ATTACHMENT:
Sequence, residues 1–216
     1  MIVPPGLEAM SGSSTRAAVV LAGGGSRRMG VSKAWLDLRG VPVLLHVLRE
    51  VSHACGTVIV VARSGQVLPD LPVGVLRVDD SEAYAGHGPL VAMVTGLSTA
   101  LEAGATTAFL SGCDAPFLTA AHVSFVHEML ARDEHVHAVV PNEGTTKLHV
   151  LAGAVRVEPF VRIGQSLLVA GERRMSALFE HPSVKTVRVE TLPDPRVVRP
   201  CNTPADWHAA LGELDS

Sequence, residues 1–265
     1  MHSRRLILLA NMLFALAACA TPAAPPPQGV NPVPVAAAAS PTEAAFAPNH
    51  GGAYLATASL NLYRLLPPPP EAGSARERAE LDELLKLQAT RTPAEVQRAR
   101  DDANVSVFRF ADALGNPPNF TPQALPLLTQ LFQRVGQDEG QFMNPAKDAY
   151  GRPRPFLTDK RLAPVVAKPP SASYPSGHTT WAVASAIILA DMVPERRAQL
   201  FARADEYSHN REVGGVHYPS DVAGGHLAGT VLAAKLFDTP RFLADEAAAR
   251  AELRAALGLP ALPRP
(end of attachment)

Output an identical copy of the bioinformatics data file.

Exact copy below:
Sequence, residues 1–216
     1  MIVPPGLEAM SGSSTRAAVV LAGGGSRRMG VSKAWLDLRG VPVLLHVLRE
    51  VSHACGTVIV VARSGQVLPD LPVGVLRVDD SEAYAGHGPL VAMVTGLSTA
   101  LEAGATTAFL SGCDAPFLTA AHVSFVHEML ARDEHVHAVV PNEGTTKLHV
   151  LAGAVRVEPF VRIGQSLLVA GERRMSALFE HPSVKTVRVE TLPDPRVVRP
   201  CNTPADWHAA LGELDS

Sequence, residues 1–265
     1  MHSRRLILLA NMLFALAACA TPAAPPPQGV NPVPVAAAAS PTEAAFAPNH
    51  GGAYLATASL NLYRLLPPPP EAGSARERAE LDELLKLQAT RTPAEVQRAR
   101  DDANVSVFRF ADALGNPPNF TPQALPLLTQ LFQRVGQDEG QFMNPAKDAY
   151  GRPRPFLTDK RLAPVVAKPP SASYPSGHTT WAVASAIILA DMVPERRAQL
   201  FARADEYSHN REVGGVHYPS DVAGGHLAGT VLAAKLFDTP RFLADEAAAR
   251  AELRAALGLP ALPRP